In the morning, we packed up our things and called an Uber to Centralstation (something good to know: Uber is legal in Sweden but not in Denmark). At the station, we wandered around the large foodcourt figuring out what we each wanted for breakfast. I opted for a muffin, yogurt, and coffee from Espresso House and grabbed a table. Kurt’s food took longer to prepare and when he sat down with sliders and a milkshake, I thought he was nuts (it wasn’t quite 11 a.m. yet). But I had immediate regrets when I took a sip of his TIRAMISU MILKSHAKE which was the greatest thing ever. If there is anything you take away from this blog, and you find yourself in Malmö someday, go to Sliders and Shakes and order a tiramisu milkshake and a birdie num num slider. I’ve never been more sad about yogurt.

Oresund bridge

this is awesome as a video and terrible as a still photo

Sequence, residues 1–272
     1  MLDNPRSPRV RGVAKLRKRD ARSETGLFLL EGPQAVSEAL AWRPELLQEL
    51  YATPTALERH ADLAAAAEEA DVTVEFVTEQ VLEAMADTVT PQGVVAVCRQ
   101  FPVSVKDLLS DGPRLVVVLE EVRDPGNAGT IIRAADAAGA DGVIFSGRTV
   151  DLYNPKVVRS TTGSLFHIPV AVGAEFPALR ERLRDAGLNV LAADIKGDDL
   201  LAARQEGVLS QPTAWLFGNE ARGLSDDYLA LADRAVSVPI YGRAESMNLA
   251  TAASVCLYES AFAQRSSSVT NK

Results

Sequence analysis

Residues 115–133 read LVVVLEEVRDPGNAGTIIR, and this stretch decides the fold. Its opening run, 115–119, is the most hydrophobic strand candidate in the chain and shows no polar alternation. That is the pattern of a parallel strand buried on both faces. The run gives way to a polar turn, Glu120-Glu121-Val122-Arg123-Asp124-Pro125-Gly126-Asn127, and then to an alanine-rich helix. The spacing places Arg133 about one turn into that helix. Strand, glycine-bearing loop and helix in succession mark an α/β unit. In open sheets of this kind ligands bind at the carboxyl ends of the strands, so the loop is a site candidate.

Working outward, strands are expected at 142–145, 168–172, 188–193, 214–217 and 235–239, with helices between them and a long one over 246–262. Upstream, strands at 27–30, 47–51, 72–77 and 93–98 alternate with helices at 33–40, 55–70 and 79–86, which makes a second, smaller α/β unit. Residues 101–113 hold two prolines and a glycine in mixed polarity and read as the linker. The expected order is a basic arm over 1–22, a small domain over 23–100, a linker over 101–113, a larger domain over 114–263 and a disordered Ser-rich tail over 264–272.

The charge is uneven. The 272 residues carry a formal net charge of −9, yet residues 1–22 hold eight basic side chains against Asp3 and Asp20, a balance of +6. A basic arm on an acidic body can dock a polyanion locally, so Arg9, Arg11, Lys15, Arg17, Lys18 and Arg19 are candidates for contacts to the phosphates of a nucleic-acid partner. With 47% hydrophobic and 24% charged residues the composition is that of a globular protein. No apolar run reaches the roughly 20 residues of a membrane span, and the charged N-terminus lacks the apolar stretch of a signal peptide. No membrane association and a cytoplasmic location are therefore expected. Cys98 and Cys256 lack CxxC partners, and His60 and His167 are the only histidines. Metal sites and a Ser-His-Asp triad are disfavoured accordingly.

The train between Malmö and Copenhagen is pretty rad because it takes you over the Øresund bridge, which at one point tunnels underwater. There’s a Scandinavian crime show called The Bridge that begins with a scene in which a body is found on the Øresund, halfway between two countries (there was an American remake a few years ago, set on the U.S./Mexico border).

After we arrived back in Copenhagen, we went back to our friends’ house and relaxed for the afternoon. The last few days had been go-go-go, so it felt nice to sit around and hang out in the sun on the balcony. Our friends had gotten a babysitter for the night, so we got to go out to dinner together and socialize. After the kids were settled in, we took the Metro to Nørrebro, an area known for being young, hip, and multicultural. We also got to see the lakes for the first time, which are three manmade features lined with walking and biking paths. On a Thursday night, tons of people were out, sitting on the bridges socializing and kicking off the weekend early.

Copenhagen lake

We had dinner at a restaurant called Alabama Social, which was excellent. It was a great night of catching up and hearing all about expat life, plus I discovered burrata–wins all around. After our meal, we walked along the lake then into the neighborhood, stopping for beers at Mikkeller & Friends.

man in bar with three glasses in front of him

Another round at Mikkeller & Friends